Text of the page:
Biblical Perspectives Magazine, Volume 24, Number 23, May 29 to June 4, 2022

Gone Fishing

Mark 1:14-28

By Dr. Derek Thomas

February 8, 2004

If you have your Bible with you, and if you don't there's one in the pew just in front of you, turn with me to Mark chapter 1. And we come this evening to the verses that begin at verse 14 and all the way down to verse 28, Mark 1:14-28. Before we read the word of God together, let's come before Him in prayer. Let's pray.

Our Father in Heaven, the grass withers and the flower fades but the word of our God endures forever. Holy Spirit, we pray that You would cause this word to be opened up to our hearts. Help us to see great things concerning Yourself, for Jesus' sake. Amen.

Now hear the word of God.

Mark 1:14-28:

14 And after John (that is, John the Baptist) had been taken into custody, Jesus came into Galilee, preaching the gospel of God, 15 and saying, "The time is fulfilled, and the kingdom of God is at hand; repent and believe in the gospel." 16 And as He was going along by the Sea of Galilee, He saw Simon and Andrew, the brother of Simon, casting a net in the sea; for they were fishermen. 17 And Jesus said to them, "Follow Me, and I will make you become fishers of men." 18 And they immediately left the nets and followed Him. 19 And going on a little farther, He saw James the son of Zebedee, and John his brother, who were also in the boat mending the nets. 20 And immediately He called them; and they left their father Zebedee in the boat with the hired servants, and went away to follow Him. 21 And they went into Capernaum; and immediately on the Sabbath He entered the synagogue and began to teach. 22 And they were amazed at His teaching; for He was teaching them as one having authority, and not as the scribes. 23 And just then there was in their synagogue a man with an unclean spirit; and he cried out, 24 saying, "What do we have to do with You, Jesus of Nazareth? Have You come to destroy us? I know who You are — the Holy One of God!" 25 And Jesus rebuked him, saying, "Be quiet, and come out of him!" 26 And throwing him into convulsions, the unclean spirit cried out with a loud voice, and came out of him. 27 And they were all amazed, so that they debated among themselves saying, "What is this? A new teaching with authority! He commands even the unclean spirits, and they obey Him." 28 And immediately the news about Him went out everywhere into all the surrounding district of Galilee.

Amen. May God bless to us the reading of His holy and inerrant word.

Mark, you understand, is giving us just a summary. Actually, almost a year has gone by since the last incident that Mark has recorded for us, the baptism of Jesus by John the Baptist and the temptation in the wilderness that followed it. Jesus had gone back to Galilee and then He has come back down to Jerusalem to celebrate the Passover; you read of this in John's gospel. And then you remember He travels back north again through Samaria, has that conversation with the woman at the well. And so a year, almost, has gone by. Mark doesn't actually tell us that. We're back up north again in Galilee, alongside the sea of Galilee. John, John the Baptist, has been imprisoned; his work is almost over. The reason for his being here has almost now been eclipsed, and it is time for Jesus–the servant of the Lord, the divine Messiah, the One whom God has chosen–it is time for Him now to begin His public work of ministry and preaching. It has taken some time, hasn't it? Jesus is thirty years of age.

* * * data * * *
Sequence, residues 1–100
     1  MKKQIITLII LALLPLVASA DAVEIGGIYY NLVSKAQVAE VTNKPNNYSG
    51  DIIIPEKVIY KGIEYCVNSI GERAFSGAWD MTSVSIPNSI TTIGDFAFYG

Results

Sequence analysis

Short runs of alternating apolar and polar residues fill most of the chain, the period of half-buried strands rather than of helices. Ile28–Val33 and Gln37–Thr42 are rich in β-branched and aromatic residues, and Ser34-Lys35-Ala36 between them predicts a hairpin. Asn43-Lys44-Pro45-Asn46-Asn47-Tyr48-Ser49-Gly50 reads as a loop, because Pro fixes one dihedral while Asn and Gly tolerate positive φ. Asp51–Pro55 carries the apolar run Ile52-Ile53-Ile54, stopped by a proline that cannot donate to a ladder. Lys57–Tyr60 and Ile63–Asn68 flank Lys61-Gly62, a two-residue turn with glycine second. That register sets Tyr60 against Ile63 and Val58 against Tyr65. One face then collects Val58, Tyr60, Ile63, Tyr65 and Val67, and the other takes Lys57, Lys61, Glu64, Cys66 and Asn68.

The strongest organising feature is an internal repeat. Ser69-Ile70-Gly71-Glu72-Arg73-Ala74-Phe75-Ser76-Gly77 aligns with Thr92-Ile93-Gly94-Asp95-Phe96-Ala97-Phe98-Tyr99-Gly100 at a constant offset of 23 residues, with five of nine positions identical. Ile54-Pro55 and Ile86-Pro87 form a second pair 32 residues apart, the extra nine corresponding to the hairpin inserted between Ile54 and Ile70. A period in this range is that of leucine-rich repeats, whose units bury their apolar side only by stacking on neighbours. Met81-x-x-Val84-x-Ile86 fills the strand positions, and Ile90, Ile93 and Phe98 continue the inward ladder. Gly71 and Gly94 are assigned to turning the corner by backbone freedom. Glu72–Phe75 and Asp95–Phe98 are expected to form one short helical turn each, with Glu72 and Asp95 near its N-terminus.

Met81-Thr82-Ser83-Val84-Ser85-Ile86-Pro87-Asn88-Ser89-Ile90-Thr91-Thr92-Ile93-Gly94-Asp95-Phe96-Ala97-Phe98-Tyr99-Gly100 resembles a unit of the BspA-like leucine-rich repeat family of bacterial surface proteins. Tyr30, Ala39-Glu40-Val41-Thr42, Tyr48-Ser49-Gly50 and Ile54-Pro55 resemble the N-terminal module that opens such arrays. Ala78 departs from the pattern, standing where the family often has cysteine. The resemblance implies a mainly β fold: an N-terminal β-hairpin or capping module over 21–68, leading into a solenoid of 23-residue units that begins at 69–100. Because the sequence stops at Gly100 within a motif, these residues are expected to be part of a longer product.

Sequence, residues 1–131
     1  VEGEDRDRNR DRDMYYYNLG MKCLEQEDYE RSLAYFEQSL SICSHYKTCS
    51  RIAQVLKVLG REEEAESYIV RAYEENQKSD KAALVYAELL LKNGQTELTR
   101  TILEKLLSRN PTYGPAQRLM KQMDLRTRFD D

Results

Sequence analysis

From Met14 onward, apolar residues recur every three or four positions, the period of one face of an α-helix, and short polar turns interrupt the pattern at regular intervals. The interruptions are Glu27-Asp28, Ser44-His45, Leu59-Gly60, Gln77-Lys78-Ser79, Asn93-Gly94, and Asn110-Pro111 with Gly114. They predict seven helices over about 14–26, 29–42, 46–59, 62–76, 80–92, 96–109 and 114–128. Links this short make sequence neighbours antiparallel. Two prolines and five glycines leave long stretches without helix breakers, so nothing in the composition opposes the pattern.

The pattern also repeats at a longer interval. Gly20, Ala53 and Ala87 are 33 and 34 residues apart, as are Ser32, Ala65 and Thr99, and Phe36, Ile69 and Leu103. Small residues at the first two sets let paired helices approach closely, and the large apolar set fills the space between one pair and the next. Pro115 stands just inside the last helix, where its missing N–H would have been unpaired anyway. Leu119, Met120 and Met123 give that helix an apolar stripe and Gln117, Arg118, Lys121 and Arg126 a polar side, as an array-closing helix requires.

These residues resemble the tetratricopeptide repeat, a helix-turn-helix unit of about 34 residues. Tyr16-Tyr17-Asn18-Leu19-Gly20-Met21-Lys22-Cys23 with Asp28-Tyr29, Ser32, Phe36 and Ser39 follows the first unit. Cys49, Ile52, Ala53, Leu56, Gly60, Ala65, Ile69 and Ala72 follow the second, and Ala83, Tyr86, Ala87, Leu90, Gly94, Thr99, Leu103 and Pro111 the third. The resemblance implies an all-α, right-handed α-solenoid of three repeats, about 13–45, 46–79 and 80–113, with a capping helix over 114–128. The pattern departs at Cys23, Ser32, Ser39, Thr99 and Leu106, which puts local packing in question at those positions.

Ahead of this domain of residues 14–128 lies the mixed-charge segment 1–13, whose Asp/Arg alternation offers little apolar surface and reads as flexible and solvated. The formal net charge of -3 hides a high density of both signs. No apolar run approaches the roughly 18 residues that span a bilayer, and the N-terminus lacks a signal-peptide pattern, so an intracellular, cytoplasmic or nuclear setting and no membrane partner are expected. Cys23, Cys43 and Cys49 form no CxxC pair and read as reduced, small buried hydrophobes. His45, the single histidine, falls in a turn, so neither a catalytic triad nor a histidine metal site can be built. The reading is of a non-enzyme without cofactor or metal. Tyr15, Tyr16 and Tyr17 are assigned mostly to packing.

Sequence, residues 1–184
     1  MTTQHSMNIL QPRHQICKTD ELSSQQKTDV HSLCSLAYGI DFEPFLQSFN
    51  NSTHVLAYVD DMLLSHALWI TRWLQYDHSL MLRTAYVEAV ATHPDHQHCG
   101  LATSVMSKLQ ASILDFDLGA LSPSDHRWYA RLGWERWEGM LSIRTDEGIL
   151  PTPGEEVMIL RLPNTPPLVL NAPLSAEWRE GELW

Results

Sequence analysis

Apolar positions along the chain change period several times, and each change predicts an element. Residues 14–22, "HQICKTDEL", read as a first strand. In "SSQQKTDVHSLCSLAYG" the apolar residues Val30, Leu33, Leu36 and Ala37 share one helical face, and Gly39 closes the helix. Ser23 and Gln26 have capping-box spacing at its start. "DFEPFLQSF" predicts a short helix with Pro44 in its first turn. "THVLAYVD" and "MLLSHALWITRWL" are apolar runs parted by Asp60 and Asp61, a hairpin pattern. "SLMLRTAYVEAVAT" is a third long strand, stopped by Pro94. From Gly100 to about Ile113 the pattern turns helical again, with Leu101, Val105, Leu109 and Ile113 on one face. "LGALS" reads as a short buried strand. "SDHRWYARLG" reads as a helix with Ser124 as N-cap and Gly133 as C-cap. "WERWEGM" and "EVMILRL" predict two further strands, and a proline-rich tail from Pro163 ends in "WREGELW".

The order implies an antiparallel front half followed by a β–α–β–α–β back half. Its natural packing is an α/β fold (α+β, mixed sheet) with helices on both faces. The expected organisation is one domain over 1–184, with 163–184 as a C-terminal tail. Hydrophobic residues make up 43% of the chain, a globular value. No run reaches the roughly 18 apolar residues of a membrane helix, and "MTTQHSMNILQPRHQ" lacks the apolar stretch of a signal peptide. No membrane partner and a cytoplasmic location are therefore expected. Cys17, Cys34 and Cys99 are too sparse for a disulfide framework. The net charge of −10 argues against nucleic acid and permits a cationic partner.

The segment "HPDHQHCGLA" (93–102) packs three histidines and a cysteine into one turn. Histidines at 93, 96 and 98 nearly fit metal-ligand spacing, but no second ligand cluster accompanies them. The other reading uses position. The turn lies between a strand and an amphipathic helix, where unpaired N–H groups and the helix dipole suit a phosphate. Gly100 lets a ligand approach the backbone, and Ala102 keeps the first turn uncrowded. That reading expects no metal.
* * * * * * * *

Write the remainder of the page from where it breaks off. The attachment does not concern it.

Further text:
And just think for a minute, the Spirit came down on Jesus at the time of His baptism. That was a year ago and then nothing, and it has taken a year to transpire. Jesus has gone up to Galilee. He has attended a wedding. God isn't in a hurry. God isn't in a hurry. There's nothing of a business strategy about the way Jesus builds and brings about His kingdom. There's no announcement by Jesus of some sure formula guaranteed of success in the work of kingdom building. Now we'll see again and again in the course of this gospel (as we see it in all four gospels) that Jesus' kingdom is not of this world, and He builds His kingdom according to different principles. Now I want us to see in this Galilean ministry around the Sea of Galilee and especially one of its principle towns, Capernaum, that Jesus is establishing Himself as King. And I want us to see the King's message and the King's disciples and the King's power.

I. The King's message

The time is fulfilled

First of all, the King's message, and it consists of several features. We read in verse 14, after the arrest of John the Baptist, Jesus is in Galilee. He begins to proclaim the gospel of God and this is its content: "The time is fulfilled." There was a consciousness on the part of Jesus that history was at a turning point. The time is fulfilled, and this turning point has to do with Himself and His coming into the world and His mission. He's talking about something that the Old Testament has been anticipating for hundreds and hundreds of years and has now arrived. History seems to have been anticipating, waiting for this moment.

John Stott has a new book out. It's called, Why I Am a Christian. He's replying to the philosopher Bertrand Russell who in 1927…it's taken John Stott a while to reply to it, you understand…but in 1927 he wrote a very famous book, Why I Am an Atheist. And this is Stott's reply after a lifetime, and he's eighty something…after a lifetime's reflection and discipleship in the kingdom of God: Why I Am a Christian. And his first reason is this text. It's this text. It's the fact that the first thing that Jesus said was that 'History has a turning point in Me. That all of the Old Testament in terms of its prophecies and anticipation has reached its culmination point in Me.' Jesus was conscious of that. You remember later He will go into the synagogue (it's recorded for us in Luke chapter 4) and He will read from Isaiah the prophet, and He will read that part of Isaiah chapter 61. And when He is finished reading, He'll roll up the scroll and He'll sit down and He'll say, "Today, this scripture is fulfilled"…using the same word. The message of Jesus is that all of the Old Testament finds its fulfillment in Him, in Jesus, in no one else. It's in Him and Him alone. The time is fulfilled.